Doing Interviews with Alexandra Quack
A tool kit for PhD students in the History of Economics and Politics: Exploring Methods.
We regularly organise workshops on different methods in the history of economics and politics at the Walras-Pareto Centre in Lausanne for PhDs and post-docs. We discuss a different method every time: past examples include the approach inspired by Quentin Skinner, sociologists of quantification, and discourse analysis. Here is a series of blog posts that aims to share what we learn!
The most recent workshop was all about interviews. We invited Alexandra Quack to talk about her recent experience of doing interviews with economists for her thesis with Catherine Herfeld and Mary Morgan at the University of Zurich.
As always in these workshops, the aim was to have an informal conversation about how someone approaches their research. The following are some of the highlights that emerged during the workshop.
Five Highlights from our Conversation
1. “To make visible the invisible”
Alexandra explained how she was conducting interviews for her thesis, in order “to make visible the invisible” – a common phrase used amongst scholars who conduct qualitative research. What does she mean? Philosophers of science usually rely on historical sources or written published work to study scientific practices. But by relying on these sources alone a lot of the research process remains hidden from view, especially if one is concerned with contemporary science. Interviews allow for gathering rich but focused data on these research processes. She illustrated this sense of invisibility by sharing an anecdote. At the beginning of her PhD, she realised, during a conversation with some economists at the University of Zurich, that it could be insightful to consider economists’ own descriptions of what they do and their own views about their modelling. They had a lot to say that would be relevant for her research. Information she may have missed if she had not conducted interviews. By interviewing economists, Alexandra hopes to capture otherwise invisible information involved in the economists’ use of models not included in published articles.
2. The preparation stage
Alexandra suggested that each researcher needs to be clear about the desired outcomes of an interview. And the researcher should construct and order the questions accordingly. Alexandra wanted detailed descriptions of their practices from each interviewer, so she tried to frame her questions in a way that would elicit concrete descriptions. To further encourage this, Alexandra informed the interviewees before the interview that she would take one of the interviewee’s published papers as a prompt to talk about during the interview.
3. The interview stage
One useful exercise is to listen to the previous interview you have done shortly before doing the next one. As Alexandra said, this practice helped her to notice elements she had not noticed during the interview. For example, when listening to the interview, you can better determine whether you asked the questions with the right tone (was it too friendly or too cold?), whether you let the interviewee speak freely enough (or interpreted them too much) or simply whether your recorder was positioned well. It can also help to understand whether, as an interviewer, you need to take fewer or more pauses and how long they should be. Pauses can help, for example, to allow interviewees to elaborate on their answers with more details.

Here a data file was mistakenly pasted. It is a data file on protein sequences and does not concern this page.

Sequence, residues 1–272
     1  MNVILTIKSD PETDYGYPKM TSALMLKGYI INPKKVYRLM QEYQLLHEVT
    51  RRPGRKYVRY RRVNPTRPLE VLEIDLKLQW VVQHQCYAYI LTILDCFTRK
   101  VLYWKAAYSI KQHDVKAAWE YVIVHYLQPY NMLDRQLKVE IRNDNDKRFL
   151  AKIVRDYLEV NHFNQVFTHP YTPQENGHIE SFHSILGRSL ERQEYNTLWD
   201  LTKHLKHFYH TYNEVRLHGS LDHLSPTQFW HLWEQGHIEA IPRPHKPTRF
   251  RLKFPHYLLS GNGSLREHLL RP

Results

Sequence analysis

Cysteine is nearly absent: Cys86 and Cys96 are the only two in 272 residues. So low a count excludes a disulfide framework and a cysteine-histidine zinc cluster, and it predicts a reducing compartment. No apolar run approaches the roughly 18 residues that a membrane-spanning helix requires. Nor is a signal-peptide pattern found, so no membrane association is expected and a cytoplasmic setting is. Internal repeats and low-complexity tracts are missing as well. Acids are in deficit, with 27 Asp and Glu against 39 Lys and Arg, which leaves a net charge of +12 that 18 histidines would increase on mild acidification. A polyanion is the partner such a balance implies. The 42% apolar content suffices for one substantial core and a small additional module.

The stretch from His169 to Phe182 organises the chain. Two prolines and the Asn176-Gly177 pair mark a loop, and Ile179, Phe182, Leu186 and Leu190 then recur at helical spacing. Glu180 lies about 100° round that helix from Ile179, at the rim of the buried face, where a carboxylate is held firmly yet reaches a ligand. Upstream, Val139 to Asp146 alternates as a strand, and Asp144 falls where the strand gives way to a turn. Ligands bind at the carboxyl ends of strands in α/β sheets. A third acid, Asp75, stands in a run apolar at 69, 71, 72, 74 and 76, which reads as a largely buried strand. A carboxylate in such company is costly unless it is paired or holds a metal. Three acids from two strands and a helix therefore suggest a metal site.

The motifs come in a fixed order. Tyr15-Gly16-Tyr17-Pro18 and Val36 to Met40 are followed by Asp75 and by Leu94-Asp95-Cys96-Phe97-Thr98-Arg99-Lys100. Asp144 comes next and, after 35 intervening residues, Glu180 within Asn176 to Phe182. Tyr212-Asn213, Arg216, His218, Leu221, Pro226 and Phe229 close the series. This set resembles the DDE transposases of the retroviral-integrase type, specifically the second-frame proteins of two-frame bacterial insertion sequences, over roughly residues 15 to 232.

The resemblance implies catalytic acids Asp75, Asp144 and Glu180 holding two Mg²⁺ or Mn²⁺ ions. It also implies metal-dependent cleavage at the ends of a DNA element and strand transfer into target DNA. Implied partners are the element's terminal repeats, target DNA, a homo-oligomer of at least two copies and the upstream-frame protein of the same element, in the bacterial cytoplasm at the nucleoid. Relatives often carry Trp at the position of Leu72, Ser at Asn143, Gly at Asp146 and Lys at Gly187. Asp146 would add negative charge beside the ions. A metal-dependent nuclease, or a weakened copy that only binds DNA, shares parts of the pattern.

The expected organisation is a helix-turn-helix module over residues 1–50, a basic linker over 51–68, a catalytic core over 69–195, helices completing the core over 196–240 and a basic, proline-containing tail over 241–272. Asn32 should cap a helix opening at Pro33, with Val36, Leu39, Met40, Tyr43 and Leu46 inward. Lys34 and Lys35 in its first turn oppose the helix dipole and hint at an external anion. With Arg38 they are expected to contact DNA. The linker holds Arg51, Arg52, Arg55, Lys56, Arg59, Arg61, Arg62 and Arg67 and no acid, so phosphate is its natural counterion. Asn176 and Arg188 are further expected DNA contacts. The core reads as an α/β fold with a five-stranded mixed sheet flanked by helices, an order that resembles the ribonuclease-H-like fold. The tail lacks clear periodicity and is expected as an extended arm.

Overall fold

4. Useful tools
- transparent sheets to avoid the noise of the sheets of paper when switching from one to another, as the recorder will pick up the noise.
- two recorder devices (in case one fails).
- different coloured pencils to take notes during the interviews, because it attracts your attention better (there’s a lot of things to do at the same time during an interview!)
5. Ethics approval
The most important element of conducting interviews is the ethics approval. Check your university’s ethics requirements with the ethics committee and submit this as soon as possible (at Alexandra’s university there were only two deadlines per year). As an example, this is the form to fill in if one wants to submit a project for approval to the ethics committee of the University of Lausanne. This step can be underestimated, but ethics approval is becoming ever more important. Some journals require an ethics approval from your university’s ethics committee for publication. And: if you want to use some of your material that you collect during your PhD in later publications, not having an ethics approval can have long-term consequences.
María Gutiérrez Ruan is currently a PhD student in History and Philosophy of Economics at the Faculty of Business and Economics (HEC Lausanne). She is a member of the Walras Pareto Centre for Interdisciplinary Studies in Economic and Political Thought where she is supervised by Professor Harro Maas. The aim of her research is to investigate lab in the field experiments (LFEs). Her interest stems from the recent explosion of the use of LFEs in economics and the ongoing debate about the characteristics of LFEs and whether they differ from other experimental methods such as laboratory experiments or Randomised Controlled Trials (RCTs). This is both a historical and methodological investigation. At the moment, she is concentrating on the Colombian case due to its relevance on the development of LFEs and she is conducting interviews with experimental researchers who have worked there.
To cite this blog post : María Gutiérrez Ruan, « Doing Interviews with Alexandra Quack », Blog of the Centre Walras Pareto, August 2, 2023, https://wp.unil.ch/cwp-blog/2023/08/doing-interviews-with-alexandra-quack/.